471 U.S. 773 (1985), 83-1842, Garrett v. United States
|Docket Nº:||No. 83-1842|
|Citation:||471 U.S. 773, 105 S.Ct. 2407, 85 L.Ed.2d 764, 53 U.S.L.W. 4629|
|Party Name:||Garrett v. United States|
|Case Date:||June 03, 1985|
|Court:||United States Supreme Court|
Argued January 16, 1985
CERTIORARI TO THE UNITED STATES COURT OF APPEALS FOR THE
In March, 1981, petitioner was charged in a multicount indictment in the Western District of Washington for his role in the off-loading and landing of marihuana from a "mother ship" at a Washington location on specified days in October, 1979, and August, 1980. He pleaded guilty to one count of importation of marihuana and was sentenced to five years' imprisonment and a $15,000 fine. The remaining counts were dismissed without prejudice to the Government's right to prosecute petitioner on any other offenses he might have committed. Thereafter, in July, 1981, petitioner was indicted in the Northern District of Florida on several drug counts, including a count for engaging in a continuing criminal enterprise (CCE) from January, 1976, to July, 1981, in violation of the Comprehensive Drug Abuse Prevention and Control Act of 1970, 21 U.S.C. 848. The District Court denied petitioner's pretrial motion to dismiss the CCE charge on the asserted ground that it encompassed the Washington importation operation in violation of the Double Jeopardy Clause of the Fifth Amendment. At trial, evidence underlying petitioner's prior conviction was introduced to prove one of three predicate offenses that must be shown to make out a CCE violation, and petitioner was convicted on the CCE count and on other counts. He was sentenced to 40 years' imprisonment and a $100,000 fine on the CCE count, the prison term being concurrent with the prison terms on the other counts but consecutive to the prison term from the Washington conviction. Rejecting petitioner's contention that his Washington conviction barred the subsequent CCE prosecution in Florida, the Court of Appeals held that the Washington offense and the CCE offense were not the same under the Double Jeopardy Clause, and hence that successive prosecutions and cumulative sentences for these offenses were permissible.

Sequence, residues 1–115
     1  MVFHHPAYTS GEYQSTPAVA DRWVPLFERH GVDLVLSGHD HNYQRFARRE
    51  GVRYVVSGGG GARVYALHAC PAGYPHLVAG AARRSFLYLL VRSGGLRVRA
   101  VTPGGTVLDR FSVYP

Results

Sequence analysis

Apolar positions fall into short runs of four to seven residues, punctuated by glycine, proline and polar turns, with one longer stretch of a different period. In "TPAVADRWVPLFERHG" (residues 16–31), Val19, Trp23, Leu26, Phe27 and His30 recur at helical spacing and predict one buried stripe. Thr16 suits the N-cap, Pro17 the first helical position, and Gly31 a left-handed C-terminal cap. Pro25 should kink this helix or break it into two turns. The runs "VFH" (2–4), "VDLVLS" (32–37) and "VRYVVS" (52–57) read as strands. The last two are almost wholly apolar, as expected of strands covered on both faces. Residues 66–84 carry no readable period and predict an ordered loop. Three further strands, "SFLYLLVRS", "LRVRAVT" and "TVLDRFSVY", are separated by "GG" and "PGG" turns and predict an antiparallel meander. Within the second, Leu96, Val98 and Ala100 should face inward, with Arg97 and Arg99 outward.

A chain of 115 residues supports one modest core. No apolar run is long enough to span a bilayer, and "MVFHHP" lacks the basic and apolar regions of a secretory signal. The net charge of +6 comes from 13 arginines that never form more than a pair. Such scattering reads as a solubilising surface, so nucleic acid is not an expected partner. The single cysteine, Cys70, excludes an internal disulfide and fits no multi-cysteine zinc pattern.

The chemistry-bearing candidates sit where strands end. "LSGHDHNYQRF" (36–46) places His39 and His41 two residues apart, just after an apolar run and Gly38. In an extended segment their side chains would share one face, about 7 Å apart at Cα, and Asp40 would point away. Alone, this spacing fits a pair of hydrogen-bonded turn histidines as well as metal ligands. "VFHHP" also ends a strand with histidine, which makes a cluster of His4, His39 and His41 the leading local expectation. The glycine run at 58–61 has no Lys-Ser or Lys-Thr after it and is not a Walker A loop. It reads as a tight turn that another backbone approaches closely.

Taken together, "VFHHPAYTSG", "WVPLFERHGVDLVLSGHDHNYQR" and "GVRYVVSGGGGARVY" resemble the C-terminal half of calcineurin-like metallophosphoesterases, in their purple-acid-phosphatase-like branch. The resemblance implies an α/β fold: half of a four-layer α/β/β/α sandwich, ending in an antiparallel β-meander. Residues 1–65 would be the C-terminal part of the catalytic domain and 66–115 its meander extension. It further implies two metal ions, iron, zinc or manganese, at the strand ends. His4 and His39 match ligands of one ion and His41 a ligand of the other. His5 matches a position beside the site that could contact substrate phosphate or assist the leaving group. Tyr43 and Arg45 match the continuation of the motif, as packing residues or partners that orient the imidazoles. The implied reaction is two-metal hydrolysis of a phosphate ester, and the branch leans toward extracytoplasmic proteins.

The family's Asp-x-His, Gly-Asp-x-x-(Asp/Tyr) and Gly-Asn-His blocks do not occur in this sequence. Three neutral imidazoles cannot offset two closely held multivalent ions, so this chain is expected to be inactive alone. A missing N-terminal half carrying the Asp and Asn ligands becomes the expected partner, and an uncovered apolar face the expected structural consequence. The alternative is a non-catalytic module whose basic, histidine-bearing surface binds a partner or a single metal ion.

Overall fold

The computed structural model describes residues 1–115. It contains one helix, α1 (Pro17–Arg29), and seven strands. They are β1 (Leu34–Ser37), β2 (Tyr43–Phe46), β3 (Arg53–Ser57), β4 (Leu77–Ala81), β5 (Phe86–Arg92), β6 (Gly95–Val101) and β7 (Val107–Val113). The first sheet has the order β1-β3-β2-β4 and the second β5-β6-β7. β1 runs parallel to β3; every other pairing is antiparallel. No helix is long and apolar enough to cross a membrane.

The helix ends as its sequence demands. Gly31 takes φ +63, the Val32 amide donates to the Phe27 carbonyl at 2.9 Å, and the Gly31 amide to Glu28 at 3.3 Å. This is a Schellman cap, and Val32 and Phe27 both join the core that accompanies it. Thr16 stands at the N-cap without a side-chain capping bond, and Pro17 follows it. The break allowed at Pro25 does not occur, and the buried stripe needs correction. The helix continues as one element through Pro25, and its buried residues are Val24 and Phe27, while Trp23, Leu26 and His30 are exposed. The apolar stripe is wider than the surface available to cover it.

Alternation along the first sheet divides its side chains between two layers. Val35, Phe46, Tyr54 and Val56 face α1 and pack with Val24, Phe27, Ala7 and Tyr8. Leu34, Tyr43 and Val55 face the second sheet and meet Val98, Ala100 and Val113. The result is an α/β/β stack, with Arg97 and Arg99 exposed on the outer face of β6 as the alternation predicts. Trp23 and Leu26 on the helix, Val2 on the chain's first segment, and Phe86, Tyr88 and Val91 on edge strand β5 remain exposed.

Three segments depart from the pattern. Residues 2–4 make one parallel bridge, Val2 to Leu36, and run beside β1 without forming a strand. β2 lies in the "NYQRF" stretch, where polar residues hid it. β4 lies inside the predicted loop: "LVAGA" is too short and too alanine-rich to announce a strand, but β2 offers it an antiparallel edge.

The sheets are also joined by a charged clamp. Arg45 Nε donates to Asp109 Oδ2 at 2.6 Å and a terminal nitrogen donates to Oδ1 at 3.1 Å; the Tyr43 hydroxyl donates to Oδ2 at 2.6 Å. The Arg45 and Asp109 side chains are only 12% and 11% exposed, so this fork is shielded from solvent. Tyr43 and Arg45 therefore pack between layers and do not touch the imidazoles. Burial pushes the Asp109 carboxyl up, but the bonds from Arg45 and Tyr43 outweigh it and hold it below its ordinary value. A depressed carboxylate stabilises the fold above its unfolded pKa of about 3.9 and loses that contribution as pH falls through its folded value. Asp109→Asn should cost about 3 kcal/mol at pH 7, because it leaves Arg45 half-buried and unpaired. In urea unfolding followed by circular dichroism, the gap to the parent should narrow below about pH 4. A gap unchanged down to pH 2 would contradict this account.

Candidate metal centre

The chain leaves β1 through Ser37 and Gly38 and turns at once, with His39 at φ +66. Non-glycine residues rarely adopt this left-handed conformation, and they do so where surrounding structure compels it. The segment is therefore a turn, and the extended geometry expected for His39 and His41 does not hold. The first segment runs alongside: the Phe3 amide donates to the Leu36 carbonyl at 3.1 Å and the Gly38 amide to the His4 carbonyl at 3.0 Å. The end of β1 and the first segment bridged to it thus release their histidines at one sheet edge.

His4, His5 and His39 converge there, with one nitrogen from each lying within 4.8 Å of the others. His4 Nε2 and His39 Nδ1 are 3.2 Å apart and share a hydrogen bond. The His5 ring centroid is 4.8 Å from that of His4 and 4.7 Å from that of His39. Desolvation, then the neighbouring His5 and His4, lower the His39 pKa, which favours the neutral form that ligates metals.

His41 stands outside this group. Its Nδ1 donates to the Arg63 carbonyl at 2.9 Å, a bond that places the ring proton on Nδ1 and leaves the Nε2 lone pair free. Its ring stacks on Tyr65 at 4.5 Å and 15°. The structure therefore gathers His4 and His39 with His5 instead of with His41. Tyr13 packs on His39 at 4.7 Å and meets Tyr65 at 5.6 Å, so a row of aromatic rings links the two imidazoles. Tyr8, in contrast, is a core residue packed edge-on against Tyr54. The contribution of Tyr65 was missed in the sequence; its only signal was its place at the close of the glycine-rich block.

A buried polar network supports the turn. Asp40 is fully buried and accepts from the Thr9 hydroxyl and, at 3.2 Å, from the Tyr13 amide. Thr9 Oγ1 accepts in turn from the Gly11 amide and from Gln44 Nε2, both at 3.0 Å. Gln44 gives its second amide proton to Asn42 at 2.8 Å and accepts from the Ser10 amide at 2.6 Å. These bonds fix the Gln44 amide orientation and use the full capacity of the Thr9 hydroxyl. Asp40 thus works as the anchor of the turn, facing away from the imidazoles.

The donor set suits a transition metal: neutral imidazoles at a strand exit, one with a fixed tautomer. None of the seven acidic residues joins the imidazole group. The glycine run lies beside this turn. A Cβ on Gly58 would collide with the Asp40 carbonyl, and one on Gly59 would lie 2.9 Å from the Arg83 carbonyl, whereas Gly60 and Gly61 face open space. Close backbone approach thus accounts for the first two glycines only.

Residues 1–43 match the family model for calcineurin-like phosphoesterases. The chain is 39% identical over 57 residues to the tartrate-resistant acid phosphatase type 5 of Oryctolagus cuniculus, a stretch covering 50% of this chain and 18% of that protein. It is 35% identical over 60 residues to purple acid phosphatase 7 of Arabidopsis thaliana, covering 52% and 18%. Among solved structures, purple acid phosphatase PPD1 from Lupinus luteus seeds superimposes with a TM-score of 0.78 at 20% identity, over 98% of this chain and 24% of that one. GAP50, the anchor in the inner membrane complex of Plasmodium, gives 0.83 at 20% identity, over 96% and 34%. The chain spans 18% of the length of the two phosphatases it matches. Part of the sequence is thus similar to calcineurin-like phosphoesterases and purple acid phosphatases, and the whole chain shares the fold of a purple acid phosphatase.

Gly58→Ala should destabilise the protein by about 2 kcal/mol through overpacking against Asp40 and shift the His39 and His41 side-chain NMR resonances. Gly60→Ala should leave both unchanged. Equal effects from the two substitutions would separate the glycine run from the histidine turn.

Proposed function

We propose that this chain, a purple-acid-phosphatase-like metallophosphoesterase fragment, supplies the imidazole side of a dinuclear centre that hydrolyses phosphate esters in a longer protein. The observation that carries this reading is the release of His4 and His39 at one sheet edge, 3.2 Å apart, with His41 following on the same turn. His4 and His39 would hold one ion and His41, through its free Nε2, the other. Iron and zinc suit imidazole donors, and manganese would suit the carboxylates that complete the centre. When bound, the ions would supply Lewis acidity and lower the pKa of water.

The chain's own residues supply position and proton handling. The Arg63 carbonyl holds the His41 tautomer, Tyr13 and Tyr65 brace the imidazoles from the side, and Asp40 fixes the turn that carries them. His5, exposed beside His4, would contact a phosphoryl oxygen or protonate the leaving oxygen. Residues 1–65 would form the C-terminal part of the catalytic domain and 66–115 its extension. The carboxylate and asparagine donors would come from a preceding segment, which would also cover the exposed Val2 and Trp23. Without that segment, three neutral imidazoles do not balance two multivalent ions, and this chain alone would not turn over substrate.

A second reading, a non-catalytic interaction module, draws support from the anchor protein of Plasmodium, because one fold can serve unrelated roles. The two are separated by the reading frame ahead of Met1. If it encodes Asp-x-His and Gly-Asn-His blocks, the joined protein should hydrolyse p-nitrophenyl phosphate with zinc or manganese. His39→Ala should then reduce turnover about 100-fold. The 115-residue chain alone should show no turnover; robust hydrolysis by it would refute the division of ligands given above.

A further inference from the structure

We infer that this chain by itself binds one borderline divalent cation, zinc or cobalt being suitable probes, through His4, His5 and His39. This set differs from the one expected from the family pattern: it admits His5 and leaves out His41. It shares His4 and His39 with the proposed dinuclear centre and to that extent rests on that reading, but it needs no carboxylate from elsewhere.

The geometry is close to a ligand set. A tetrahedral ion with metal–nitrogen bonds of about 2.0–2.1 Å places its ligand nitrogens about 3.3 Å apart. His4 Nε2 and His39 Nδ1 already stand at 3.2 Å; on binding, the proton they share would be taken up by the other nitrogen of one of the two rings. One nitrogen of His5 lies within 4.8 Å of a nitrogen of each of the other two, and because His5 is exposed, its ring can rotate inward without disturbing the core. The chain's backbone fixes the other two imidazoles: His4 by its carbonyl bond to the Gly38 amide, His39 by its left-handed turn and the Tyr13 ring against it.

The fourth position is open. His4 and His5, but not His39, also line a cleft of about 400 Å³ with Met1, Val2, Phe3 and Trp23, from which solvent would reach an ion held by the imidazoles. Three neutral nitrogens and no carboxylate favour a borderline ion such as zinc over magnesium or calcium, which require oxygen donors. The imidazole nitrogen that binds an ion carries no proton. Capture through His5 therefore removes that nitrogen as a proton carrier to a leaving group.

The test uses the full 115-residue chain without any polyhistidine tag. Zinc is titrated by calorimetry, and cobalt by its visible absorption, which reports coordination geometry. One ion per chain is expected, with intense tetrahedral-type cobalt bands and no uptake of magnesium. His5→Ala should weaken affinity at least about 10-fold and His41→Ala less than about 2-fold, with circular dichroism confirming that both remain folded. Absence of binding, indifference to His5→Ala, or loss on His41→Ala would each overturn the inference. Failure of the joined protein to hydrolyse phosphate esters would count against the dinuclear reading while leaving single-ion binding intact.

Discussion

[105 S.Ct. 2409] Held:
1. The language, structure, and legislative history of the Comprehensive Drug Abuse Prevention and Control Act of 1970 show that Congress intended the CCE offense to be a separate offense that is punishable in addition to, and not as a substitute for, the predicate offenses. It would be illogical for Congress to intend that a choice be made between the predicate offenses and the CCE offense in pursuing major drug dealers. Pp. 777-786.